Barack Obama, when he was still president, used the boast that if Congress failed to give him what he wanted that he had a pen and a phone to get it anyway. President Donald Trump., stymied twice by Congress in his desire to repeal and replace Obamacare, has decided to use one of those tools to upend the structure of the affordable care act and introduce some free market competition in health insurance. He has signed an executive order that reads like a wish list from conservative health insurance reformers.

What the Trump order does

Trump’s executive order sets up a new system of health insurance that can be bought across state lines and could be purchased by associations of people banding together as a group to enhance their purchase power.

Groups could be trade associations, labor unions, or even groups of self-employed people. The new health insurance policies will be exempt from the mandates of the Affordable Care Act so that, at least in theory, people will only get the coverage they need. The order also revises the rules for short-term insurance of the sort people might buy when they are between jobs.

The debate over what the order will do

Proponents of the executive order believe that it will start to bring down premiums, deductibles, and copays by bringing in free market competition to the health insurance markets. The idea is that the amount and cost of health insurance will be determined by what the market will bear. Insurance companies will compete for customers by tailoring policies to their needs at the lowest price possible.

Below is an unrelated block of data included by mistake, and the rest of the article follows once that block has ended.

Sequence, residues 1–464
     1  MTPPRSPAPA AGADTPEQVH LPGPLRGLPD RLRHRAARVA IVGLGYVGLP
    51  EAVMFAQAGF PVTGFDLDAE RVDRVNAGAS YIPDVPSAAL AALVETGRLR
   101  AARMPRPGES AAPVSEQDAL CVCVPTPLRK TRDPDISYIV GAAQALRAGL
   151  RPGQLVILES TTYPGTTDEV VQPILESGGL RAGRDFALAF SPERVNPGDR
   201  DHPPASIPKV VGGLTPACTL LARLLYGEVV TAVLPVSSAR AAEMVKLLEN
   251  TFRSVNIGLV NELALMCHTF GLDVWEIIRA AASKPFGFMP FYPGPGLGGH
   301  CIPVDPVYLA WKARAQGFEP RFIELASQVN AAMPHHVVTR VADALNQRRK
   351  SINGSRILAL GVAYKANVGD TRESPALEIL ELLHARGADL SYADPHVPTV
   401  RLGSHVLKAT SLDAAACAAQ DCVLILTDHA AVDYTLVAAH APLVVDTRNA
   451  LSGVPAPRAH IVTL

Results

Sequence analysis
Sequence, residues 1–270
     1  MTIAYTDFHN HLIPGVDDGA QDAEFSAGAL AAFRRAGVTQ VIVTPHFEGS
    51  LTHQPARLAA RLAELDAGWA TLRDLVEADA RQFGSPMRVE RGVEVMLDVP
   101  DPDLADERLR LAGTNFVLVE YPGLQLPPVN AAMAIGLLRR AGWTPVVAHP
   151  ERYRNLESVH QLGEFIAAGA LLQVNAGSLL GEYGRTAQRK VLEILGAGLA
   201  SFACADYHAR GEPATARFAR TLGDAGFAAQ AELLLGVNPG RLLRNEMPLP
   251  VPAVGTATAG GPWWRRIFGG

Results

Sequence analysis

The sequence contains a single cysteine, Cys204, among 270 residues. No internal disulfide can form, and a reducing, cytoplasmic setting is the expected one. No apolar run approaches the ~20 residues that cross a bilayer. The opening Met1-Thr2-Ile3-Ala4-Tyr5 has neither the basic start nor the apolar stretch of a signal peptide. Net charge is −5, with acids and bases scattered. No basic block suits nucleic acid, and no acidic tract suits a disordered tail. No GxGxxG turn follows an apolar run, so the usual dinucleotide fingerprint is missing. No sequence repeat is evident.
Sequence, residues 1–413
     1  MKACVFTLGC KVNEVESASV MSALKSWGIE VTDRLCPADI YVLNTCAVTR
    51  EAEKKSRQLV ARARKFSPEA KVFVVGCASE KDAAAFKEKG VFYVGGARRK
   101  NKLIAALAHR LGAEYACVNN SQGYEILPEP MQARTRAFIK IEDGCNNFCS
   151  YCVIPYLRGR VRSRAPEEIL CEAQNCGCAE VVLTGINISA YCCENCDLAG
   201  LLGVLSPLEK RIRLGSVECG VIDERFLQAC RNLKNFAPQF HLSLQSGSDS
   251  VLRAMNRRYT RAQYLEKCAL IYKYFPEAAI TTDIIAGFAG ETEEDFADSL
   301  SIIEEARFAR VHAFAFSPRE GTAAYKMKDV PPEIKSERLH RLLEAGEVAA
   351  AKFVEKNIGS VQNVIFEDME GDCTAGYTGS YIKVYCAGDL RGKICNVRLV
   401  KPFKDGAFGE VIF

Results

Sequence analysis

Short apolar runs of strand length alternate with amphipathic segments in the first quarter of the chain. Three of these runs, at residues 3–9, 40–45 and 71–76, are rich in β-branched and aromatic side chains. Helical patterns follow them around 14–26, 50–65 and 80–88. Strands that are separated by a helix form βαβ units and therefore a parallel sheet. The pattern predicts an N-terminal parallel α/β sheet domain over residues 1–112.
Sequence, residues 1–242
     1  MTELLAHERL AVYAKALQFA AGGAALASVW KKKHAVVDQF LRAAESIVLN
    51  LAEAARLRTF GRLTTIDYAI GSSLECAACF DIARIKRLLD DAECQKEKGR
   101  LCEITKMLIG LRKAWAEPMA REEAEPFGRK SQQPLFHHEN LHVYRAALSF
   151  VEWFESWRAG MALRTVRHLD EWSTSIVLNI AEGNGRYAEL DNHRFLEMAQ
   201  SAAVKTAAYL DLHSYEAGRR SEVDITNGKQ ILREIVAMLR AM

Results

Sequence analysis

Opponents of the policy change claim that it will destroy the Obamacare markets by siphoning off younger, healthier customers, leaving the older and sicker with more expensive policies with ever more increasing costs that they cannot afford. Critics also have an issue with which government entities will have oversight of the new plans.

On the other hand, it can be argued that the Obamacare markets are already in a death spiral, with premiums due to skyrocketing once again with double-digit increases for most state markets due for 2018. The young and the healthy are opting out, deciding to take the tax penalty which is often lower than the cost of carrying Obamacare insurance.

Trump is taking something of a gamble by signing the executive order. If he is right and the new regime starts to bring the cost of health insurance down, he will have accomplished something his predecessor failed to do. As a bonus, the case for single payer health insurance will be undermined. If the opposite happens, Trump and the Republicans are in serious political difficulty going into the 2018 midterms.